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Old   March 20, 2006, 02:12
Default Re: Applied Math vs Mechanical Engineering vs chem
  #24
alex marshall
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does a chemical engineer compete vs mechanical , aerospace and mathamaticain ????????
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Old   March 20, 2006, 08:36
Default Re: Applied Math vs Mechanical Engineering vs chem
  #25
Renato.
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Chemical engineers are also professionals related to fluid mechanics issues, so, I can't see what's wrong about a chemical engineer working with CFD.

It's true that there's a short number of chemical engineers working with CFD (I'm one of them ;-). I guess it's due the methods employed in CFD. Most of them were proposed by mathematicians, physicists, civil and mechanic engineers while the computational methods proposed by scientific computing people, but it can't be a restriction for those that are interested in this area.

I think, I'm lucky because in my university we're seldom worried about which graduation people should have to apply a MSc or PhD in CFD. We have an interdisciplinary program in oil and gas that drag people from several areas, including geologists, chemical, civil, mechanic engineers, weatherman, oceanographer, etc... all sorts of graduated people to propose solutions (including CFD solutions) for the oil and gas's world.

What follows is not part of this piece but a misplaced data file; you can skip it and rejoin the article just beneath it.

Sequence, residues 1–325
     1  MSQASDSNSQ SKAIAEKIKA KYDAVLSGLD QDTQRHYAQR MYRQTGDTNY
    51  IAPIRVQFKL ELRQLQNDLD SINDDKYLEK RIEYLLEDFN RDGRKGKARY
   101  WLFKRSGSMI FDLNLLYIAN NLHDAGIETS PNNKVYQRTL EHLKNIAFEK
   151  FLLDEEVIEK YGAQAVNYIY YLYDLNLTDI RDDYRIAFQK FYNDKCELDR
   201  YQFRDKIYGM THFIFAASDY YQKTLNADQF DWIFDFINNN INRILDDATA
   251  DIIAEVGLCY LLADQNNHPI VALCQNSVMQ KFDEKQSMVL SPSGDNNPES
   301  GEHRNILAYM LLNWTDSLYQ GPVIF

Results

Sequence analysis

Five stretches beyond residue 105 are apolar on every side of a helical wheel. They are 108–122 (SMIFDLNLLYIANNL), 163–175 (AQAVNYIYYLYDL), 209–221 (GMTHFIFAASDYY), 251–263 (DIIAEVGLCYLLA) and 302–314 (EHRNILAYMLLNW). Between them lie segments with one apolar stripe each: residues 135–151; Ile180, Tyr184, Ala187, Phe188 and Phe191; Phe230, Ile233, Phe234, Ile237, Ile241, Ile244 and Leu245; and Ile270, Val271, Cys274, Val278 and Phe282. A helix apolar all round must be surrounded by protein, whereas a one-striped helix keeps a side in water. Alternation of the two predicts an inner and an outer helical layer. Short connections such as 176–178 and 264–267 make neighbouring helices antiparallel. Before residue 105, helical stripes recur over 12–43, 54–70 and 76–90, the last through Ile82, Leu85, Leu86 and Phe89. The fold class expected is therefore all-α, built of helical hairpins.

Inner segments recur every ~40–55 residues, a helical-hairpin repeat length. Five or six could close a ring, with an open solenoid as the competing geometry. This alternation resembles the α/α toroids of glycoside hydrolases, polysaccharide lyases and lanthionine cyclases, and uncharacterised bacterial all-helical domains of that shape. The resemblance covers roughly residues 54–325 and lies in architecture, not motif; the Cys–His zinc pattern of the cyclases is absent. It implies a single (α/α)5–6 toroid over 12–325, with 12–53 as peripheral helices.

Have you ever though about a civil engineer working with petroleum system subjects? What about a geologist working with CFD?! We have such kind of weird combinations and I can tell you that the results are very impressive.

As I said before, first of all you should go through what you like or what you're good at. It's the first step to get success in any area.

Regards

Renato. I chemical engineer working with CFD ;-)
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Old   March 21, 2006, 01:02
Default Re: Applied Math vs Mechanical Engineering vs chem
  #26
alex
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all these cases related to chem engg, but my question is that can he work as aerodymist using cfd results ? it sounds wierd. mech engg can work as aerodymist , aerospace is branch of mech engg. but no idea abt chem .....
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Old   March 21, 2006, 12:51
Default Re: Applied Math vs Mechanical Engineering vs??
  #27
Tiger
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Keep in mind that it doesn't take a CS person to write software code for CFD analysis. Almost anybody with a engineering or math background knows how to write CFD software. If you want to program for the rest of your life then go to CS. As for me, I didn't want to work on programming code for the rest of my life, so chose applied mathematics. I learned enough software skills here to write several CFD solvers. Be an original, it's something that is lost in today's world.